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McLaren 570S Spider 2018

First Drive: 2018 McLaren 570S Spider

Another (almost) unforgettable experience in McLaren’s new Sport Series drop top

BARCELONA, SPAIN — Sometimes you find that sweet spot when a car and the road or track you’re experiencing it on are a perfect match. Everything flows and you seem smoother, cleaner, and more precise as a driver than ever before, the car dancing to your tune without a heartbeat’s delay. Back in October of 2015, I was in that sweet spot with the McLaren 570S on the Portimao race circuit in Portugal and the roads nearby. Something clicked that day and it was unforgettable.

So surely, then, the new McLaren 570S Spider on sun-baked roads that sweep and roll over Montserrat near Barcelona is pretty much a foregone conclusion? It’s going to be epic, right? Nevertheless, I felt it was my duty as a journalist to be absolutely sure, and duly accepted the editor’s invitation to see if a 570S with its roof removed could possibly be as good in practice as it sounds in theory. There would be no track element this time and the local Policia were, by all accounts, a little trigger happy with their radar equipment, but the 250-mile route over some incredible and varied roads should still reveal all there is to know about this enticing, almost mouth-watering proposition.

First, a bit of context. The Spider is set to become McLaren’s biggest volume seller. It joins the brand’s Sports Series range alongside the aforementioned 570S and the slightly softer and more capacious 570GT. It’s also, like all McLarens, naturally predisposed to make for a hell of a convertible simply because of its carbon fiber chassis, dubbed MonoCell II. So stiff is this central structure that the Spider has zero additional chassis bracing and the steering, suspension, and electronics tune is almost exactly the same as the coupe’s. Changes are limited to «a couple of tweaks to the damper programming» according to Ben Gulliver, McLaren’s head of vehicle development.

So the bald numbers go like this: $208,800 (a premium of $20,200 over the coupe), 3,302 lbs (up just 101 lbs) with fluids and 90-percent fuel load, 562 hp at 7,500 rpm and 443 lb-ft at 5,000-6,500 rpm, 0 to 60 mph in 3.1-seconds, and a top speed of 204 mph with the roof up or 196 mph with the retractable hard-top stowed away. In case you’re wondering, that 60 mph time is identical to the coupe and the Spider is only one-tenth slower over the 0-124 mph (200 kph) European yardstick at 9.6 seconds.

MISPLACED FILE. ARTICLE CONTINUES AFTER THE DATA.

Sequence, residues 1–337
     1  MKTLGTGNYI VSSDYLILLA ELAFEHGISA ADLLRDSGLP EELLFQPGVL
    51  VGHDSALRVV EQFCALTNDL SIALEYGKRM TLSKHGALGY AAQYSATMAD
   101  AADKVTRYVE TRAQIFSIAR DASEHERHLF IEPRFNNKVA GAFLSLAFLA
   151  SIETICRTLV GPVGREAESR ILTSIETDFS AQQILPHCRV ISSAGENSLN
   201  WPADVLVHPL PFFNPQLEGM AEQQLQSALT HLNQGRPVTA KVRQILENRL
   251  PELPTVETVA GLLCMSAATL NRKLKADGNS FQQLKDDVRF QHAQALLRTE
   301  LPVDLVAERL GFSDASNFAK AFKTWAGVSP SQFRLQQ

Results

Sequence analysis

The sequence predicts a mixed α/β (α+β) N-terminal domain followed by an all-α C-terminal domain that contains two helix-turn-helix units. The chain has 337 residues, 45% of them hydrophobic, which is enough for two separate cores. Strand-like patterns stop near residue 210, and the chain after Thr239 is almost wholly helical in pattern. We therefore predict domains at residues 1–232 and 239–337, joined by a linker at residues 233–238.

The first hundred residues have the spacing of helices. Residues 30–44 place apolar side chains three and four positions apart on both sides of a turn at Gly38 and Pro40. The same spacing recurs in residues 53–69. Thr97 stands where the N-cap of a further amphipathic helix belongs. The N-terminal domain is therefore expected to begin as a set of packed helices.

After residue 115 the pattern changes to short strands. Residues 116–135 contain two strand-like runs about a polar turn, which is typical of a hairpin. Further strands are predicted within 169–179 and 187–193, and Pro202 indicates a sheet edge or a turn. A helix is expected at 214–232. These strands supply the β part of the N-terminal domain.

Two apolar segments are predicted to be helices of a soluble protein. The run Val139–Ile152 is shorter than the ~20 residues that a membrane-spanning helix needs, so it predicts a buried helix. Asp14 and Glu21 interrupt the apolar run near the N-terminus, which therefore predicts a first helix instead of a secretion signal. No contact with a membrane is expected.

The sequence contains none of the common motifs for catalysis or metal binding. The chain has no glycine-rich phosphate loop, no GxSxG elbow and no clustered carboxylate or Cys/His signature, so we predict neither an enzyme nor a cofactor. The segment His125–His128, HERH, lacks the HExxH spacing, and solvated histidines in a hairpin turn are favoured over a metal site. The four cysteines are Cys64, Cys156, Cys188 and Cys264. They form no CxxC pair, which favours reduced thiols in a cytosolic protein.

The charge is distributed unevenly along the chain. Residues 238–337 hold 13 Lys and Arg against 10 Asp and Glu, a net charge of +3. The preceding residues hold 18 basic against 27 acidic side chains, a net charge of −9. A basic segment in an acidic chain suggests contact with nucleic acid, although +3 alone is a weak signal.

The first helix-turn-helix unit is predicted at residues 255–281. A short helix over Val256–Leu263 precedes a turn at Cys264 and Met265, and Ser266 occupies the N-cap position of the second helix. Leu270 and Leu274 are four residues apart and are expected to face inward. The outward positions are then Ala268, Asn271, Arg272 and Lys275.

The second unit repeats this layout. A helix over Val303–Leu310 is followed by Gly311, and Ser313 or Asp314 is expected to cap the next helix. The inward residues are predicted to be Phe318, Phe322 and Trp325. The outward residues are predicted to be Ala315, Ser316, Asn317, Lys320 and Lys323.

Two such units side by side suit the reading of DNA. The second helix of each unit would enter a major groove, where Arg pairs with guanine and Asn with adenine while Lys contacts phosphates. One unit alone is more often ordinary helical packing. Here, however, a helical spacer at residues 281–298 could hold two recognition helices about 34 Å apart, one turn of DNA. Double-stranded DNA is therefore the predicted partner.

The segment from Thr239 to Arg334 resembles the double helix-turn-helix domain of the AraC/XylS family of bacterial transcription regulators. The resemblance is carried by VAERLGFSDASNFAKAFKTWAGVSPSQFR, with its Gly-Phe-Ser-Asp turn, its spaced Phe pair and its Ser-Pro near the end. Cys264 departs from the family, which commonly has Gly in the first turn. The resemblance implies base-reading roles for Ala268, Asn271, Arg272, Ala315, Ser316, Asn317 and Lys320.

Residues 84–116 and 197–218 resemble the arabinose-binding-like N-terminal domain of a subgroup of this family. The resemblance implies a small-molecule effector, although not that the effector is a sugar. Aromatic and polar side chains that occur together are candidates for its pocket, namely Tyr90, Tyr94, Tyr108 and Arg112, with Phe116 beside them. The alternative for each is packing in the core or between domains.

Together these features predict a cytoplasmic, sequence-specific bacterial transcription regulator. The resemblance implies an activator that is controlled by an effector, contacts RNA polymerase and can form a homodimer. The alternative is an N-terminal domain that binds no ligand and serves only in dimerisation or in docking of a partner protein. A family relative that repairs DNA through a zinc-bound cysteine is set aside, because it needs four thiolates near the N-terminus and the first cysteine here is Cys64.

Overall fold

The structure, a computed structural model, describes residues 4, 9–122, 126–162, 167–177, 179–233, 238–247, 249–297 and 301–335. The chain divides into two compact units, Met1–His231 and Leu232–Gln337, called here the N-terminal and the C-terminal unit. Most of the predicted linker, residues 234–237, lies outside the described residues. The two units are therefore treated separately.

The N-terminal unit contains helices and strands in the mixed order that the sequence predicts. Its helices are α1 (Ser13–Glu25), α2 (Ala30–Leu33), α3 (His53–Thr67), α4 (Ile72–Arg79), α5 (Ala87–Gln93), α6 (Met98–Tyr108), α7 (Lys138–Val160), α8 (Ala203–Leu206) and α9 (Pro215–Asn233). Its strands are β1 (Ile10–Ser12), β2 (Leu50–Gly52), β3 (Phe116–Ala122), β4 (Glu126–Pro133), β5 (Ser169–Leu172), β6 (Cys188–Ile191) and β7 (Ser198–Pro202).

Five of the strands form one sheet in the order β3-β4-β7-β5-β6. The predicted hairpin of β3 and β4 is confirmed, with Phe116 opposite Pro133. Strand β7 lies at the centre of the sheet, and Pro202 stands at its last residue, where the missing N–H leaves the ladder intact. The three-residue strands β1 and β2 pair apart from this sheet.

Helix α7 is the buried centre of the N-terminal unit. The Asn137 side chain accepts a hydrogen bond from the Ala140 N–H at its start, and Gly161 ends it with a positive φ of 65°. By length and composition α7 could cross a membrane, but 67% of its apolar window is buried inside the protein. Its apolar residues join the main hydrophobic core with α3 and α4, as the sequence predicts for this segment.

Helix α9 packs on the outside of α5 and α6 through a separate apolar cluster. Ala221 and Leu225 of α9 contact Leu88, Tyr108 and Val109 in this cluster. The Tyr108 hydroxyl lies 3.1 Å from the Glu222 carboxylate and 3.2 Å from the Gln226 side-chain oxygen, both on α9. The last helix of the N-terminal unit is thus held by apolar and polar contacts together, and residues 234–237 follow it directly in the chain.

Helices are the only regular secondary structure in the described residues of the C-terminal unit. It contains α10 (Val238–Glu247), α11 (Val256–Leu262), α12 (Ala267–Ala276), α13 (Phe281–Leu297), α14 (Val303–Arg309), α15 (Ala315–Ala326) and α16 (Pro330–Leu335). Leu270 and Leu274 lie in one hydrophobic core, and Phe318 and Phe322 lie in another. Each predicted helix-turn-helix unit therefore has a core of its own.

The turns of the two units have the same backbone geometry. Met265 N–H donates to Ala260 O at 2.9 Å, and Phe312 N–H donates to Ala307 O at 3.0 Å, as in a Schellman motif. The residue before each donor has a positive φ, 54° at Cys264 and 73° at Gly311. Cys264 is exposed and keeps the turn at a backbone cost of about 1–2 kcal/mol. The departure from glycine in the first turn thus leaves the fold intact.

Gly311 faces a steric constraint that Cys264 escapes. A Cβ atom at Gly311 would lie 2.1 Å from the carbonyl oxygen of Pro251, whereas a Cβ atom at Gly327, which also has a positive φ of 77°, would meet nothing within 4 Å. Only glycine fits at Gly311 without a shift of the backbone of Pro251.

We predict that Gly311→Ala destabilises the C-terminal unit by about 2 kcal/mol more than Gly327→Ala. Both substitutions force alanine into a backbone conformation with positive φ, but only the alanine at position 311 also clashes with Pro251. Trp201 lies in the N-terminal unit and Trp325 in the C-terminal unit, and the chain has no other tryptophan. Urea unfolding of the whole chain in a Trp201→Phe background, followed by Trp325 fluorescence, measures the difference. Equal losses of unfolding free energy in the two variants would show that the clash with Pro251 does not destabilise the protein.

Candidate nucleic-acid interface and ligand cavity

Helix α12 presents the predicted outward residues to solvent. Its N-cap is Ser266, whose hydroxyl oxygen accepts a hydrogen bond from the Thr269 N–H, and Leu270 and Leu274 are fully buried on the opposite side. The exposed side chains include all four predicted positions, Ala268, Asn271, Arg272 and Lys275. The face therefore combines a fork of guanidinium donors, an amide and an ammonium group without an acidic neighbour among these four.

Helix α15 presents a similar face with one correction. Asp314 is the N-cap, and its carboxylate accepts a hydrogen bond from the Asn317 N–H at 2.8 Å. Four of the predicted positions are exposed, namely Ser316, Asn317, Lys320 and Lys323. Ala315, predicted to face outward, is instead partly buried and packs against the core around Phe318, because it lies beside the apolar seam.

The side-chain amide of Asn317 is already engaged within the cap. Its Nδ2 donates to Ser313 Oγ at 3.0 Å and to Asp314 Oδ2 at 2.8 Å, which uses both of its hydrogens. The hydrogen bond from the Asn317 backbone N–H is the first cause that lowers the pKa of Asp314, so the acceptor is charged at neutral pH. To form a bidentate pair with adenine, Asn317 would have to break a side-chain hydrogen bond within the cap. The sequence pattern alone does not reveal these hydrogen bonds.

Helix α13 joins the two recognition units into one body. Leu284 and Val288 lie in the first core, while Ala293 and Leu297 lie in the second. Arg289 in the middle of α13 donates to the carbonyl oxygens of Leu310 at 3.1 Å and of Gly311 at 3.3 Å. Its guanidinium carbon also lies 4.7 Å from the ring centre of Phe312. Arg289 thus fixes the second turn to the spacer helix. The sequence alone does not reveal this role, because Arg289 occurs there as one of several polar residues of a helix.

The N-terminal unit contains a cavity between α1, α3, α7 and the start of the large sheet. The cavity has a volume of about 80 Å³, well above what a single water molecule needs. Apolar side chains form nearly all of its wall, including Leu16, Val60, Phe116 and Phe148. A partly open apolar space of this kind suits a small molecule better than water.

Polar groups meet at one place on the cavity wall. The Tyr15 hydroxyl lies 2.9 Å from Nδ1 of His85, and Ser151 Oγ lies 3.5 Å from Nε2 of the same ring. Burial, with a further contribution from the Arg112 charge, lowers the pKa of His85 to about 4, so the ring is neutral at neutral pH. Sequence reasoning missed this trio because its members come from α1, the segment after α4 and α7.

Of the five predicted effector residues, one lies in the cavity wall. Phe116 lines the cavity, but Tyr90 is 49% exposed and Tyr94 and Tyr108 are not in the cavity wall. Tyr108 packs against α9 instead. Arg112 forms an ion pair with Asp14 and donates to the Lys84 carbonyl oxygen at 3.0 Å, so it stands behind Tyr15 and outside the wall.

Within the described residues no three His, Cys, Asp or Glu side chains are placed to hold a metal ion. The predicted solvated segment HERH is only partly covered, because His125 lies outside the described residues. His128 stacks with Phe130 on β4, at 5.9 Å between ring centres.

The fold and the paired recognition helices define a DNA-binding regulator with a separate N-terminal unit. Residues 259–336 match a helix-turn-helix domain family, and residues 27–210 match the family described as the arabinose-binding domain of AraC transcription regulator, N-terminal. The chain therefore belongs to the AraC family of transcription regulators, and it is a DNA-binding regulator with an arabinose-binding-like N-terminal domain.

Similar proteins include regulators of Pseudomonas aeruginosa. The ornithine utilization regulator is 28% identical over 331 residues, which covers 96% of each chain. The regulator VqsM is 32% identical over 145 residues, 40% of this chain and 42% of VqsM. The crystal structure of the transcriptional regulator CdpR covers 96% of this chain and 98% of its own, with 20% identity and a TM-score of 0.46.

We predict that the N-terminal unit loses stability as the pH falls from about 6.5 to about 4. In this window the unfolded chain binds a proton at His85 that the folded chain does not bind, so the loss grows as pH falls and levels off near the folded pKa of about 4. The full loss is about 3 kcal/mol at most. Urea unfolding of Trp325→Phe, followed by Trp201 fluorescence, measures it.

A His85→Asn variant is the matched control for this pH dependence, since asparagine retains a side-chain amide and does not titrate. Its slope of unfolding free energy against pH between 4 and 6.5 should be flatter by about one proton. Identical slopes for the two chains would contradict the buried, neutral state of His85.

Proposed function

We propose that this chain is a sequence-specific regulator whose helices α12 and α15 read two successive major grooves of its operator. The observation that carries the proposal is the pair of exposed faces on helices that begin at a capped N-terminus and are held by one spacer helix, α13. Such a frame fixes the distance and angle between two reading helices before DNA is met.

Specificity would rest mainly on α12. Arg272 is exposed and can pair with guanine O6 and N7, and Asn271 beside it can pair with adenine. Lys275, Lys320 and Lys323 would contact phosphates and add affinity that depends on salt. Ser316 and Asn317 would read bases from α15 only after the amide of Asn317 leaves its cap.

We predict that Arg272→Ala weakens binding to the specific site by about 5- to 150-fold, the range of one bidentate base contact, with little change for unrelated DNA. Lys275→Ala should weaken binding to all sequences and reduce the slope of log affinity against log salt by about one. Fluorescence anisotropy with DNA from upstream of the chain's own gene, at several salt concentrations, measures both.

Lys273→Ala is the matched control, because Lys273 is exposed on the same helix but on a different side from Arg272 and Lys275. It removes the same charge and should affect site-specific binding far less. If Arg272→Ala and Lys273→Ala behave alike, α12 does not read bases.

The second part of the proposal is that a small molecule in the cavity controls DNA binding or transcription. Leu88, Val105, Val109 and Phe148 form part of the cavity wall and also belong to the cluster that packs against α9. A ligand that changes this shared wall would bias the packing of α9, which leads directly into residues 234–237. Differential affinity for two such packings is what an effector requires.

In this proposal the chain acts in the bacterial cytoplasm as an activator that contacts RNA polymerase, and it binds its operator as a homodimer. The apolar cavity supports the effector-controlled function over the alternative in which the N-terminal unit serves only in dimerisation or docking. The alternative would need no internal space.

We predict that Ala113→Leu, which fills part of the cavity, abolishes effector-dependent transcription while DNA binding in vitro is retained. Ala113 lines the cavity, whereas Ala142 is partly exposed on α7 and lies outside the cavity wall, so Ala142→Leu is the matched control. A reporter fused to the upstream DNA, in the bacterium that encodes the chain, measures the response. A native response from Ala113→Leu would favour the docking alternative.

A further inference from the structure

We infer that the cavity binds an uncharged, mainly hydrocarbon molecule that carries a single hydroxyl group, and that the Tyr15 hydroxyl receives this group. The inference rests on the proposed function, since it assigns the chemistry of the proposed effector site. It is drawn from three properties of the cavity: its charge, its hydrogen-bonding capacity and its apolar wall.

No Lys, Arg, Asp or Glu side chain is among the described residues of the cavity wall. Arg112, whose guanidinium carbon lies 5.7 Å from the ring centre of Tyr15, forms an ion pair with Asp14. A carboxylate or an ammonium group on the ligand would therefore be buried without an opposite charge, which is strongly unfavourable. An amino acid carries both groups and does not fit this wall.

In performance terms then, it gives away almost nothing to the coupe and dynamically it should be virtually identical, too. Perhaps the bigger question is whether the 3.8-liter twin-turbocharged V-8 will feel more characterful without a carbon-fiber barrier between driver and induction and exhaust.

For the slow crawl through Barcelona, the two-piece roof remains in place and I remind myself what I like about the 570S already: The simple, elegant cabin architecture is as appealing now as it was back in late 2015, but the quality has taken a huge leap forward. The ride, despite the «cheaper» solution of conventional springs, dampers, and anti-roll bars for the Sport Series cars as opposed to the hydraulically-linked ProActive chassis control of the 720S, is also beautifully resolved. It will patter over really broken surfaces but it rarely jars and has a lovely polish to the way it rounds off the worst bumps and lumps. The suspension settings between Normal and Sport modes are pretty close and on the smoother roads we’ll find later, even Track mode is perfectly usable. Whichever setting you choose though, you feel connected to the surface but it’s not dictating the car’s behavior.

Another highlight felt even at little more than walking pace is the steering. McLaren continues to resist electronic power assist steering systems and its faith in hydraulically assisted racks is absolutely justified in the Spider. It positively sings with feedback and the weighting and response feel so natural. It also helps this car to connect with the driver immediately, which in itself marks the Spider out as something special. A sports or supercar should engage you from the moment the wheels roll, and McLaren seems to really understand that now.

With the city slowly receding in the rear view mirror it’s time to lose the roof and get closer to that 3.8-liter V-8. The two composite panels stow away in 15 seconds at speeds of up to 25 mph and the glass wind deflector drops to 75 percent of its full height. With the windows up the wind swirls a little but it’s perfectly pleasant even at Policia-worrying speeds. And the noise? There’s plenty of it with our Sports exhaust-equipped car (a $4,090 option). The deep, frenzied blast of hot gases mirrors the simply phenomenal intensity of the acceleration. It’s not a beautiful sound. Even so, as the V-8’s angry voice reflects and bounces it ways up rock faces as the twin-clutch 7-speed gearbox punches in shifts with a wicked ignition crack, you know the 570S Spider is a pretty serious supercar.

Yes, I said supercar. McLaren likes to assert that the Sports Series cars are mere sports cars, but the speed, agility, and focus of the Spider feels pretty damn super. You really do feel the benefits of its lean carbon fiber physique compared to rivals like the R8 because it changes direction so cleanly, rides with such poise and fires along the straights with a real ferocity if you wring the engine right out. But what’s especially impressive is that there’s a delicacy to everything it does. Something like a 911 Turbo S batters a road into submission and makes progress in a series of frantic lunges. By comparison, the 570S Spider glides.